Step 1: Determine the scope of your product development system

 

Rather than think of product development only as a section of the org chart, or as a set of processes, we’ll view it as a system. That is:

 

The management, ways of working, and interactions of all the people who contribute to the product, from idea to delivery.

 

As such, it’s rarely just Engineering or a team in IT. The people probably even report to different functional managers. However, they’re all inter-dependent and necessary for the creation of the complete product.

 

Take a moment to make a clear mental picture of the scope of your product development system — who and what it includes.

Need more advice on determining the scope?

How you define the scope of your product development system depends on many factors specific to your company. In most tech companies, it’s likely to include product management, design, development, and testing for a product line. It would also include delivery, unless it’s elsewhere in the company; the same goes for operations. If you develop software products for internal purposes, the system is the equivalent in IT terms (which means it includes some of “the business”!)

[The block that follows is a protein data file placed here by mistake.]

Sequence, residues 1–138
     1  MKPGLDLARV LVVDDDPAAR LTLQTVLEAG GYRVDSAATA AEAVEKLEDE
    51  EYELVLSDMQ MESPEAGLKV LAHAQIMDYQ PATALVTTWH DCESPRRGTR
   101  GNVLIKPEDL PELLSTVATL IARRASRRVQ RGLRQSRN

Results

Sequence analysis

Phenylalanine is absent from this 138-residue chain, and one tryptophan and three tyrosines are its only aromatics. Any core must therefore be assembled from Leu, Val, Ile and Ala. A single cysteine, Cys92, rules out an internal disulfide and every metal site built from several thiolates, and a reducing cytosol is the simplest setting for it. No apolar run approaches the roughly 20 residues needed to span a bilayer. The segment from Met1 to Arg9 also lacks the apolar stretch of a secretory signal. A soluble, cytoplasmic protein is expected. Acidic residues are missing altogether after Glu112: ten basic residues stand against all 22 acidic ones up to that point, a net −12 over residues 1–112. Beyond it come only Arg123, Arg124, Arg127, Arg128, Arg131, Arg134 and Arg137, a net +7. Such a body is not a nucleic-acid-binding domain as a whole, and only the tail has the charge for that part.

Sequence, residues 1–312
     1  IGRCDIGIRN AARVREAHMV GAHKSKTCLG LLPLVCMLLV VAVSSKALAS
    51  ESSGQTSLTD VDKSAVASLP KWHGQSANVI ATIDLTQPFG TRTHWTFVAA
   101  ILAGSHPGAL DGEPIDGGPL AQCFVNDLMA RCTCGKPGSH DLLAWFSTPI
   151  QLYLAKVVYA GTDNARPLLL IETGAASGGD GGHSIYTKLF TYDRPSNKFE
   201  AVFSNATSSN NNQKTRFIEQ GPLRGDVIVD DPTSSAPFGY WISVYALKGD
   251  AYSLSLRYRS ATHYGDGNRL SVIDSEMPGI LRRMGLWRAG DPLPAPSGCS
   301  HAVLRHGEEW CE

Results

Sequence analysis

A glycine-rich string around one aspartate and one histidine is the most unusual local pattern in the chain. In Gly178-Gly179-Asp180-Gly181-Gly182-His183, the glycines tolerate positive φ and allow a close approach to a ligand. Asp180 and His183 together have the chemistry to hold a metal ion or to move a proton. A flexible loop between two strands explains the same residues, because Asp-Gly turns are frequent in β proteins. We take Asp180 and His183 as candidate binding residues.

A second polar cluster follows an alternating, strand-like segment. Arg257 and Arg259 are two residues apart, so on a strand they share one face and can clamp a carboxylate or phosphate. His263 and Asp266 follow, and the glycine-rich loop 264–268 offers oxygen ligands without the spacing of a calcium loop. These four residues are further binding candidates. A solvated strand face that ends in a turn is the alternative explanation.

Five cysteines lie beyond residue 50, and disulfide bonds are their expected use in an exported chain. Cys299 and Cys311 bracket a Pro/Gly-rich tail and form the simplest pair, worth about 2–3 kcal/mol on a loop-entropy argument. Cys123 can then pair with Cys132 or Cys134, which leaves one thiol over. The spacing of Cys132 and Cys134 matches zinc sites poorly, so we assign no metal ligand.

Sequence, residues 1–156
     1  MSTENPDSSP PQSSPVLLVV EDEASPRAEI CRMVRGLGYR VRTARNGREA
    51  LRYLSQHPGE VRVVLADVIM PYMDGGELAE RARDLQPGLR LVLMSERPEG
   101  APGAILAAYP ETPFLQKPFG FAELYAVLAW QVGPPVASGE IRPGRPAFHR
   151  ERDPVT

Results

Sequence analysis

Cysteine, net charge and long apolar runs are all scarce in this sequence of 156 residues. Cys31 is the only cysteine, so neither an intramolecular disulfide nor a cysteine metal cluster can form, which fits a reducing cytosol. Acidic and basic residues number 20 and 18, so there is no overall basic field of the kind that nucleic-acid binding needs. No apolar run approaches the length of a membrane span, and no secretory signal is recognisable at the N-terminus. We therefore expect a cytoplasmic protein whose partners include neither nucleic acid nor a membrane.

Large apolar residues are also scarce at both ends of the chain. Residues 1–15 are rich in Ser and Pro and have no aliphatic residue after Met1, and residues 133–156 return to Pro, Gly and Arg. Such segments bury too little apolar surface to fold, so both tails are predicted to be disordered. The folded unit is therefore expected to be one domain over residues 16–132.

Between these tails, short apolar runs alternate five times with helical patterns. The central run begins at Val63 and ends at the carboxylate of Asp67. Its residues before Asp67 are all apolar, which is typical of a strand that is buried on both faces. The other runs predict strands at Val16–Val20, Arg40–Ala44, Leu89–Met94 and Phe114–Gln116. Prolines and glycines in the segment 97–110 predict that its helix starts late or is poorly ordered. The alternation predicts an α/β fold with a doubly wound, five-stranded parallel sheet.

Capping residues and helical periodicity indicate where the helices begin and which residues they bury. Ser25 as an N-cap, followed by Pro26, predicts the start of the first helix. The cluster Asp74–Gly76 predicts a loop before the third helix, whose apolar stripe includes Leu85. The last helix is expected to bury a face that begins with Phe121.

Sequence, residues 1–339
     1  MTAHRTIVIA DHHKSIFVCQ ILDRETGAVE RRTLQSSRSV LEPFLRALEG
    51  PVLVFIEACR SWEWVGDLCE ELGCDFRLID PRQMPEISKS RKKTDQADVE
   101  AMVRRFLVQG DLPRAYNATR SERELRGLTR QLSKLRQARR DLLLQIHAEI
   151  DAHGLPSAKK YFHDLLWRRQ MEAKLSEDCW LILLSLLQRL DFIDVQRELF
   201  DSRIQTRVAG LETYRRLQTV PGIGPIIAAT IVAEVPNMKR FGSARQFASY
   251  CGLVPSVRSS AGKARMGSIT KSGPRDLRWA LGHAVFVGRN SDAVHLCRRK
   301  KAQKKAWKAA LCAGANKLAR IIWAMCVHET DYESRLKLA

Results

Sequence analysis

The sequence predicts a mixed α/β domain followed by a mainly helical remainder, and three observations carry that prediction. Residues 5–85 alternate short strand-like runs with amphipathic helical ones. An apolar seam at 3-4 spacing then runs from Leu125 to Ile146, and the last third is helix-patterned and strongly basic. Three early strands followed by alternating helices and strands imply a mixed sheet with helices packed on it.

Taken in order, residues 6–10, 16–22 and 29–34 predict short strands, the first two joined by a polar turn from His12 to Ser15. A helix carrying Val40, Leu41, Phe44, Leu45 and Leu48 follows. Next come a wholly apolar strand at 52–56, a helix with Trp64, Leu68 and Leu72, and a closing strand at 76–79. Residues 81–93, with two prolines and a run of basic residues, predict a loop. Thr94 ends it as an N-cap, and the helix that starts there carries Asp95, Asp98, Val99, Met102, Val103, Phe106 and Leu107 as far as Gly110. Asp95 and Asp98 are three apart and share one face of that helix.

In most cases, the system comprises multiple teams and individuals. In some cases (usually in small companies or IT departments), the system is a single team, but it’s still not only development and testing.

 

In every situation, the system is a non-linear, whole entity composed of interacting parts whose interactions are critical: no part can achieve user outcomes and move business needles without the other parts. That’s why the model is less useful if it’s applied to specialized parts in isolation (such as product management, DevOps, UX, etc.)

 

If the company makes multiple products, there may be several product development systems, which might overlap. Focus on one.

 

Don’t limit your choice to areas where you have process metrics; SQUARE doesn’t rely on them.

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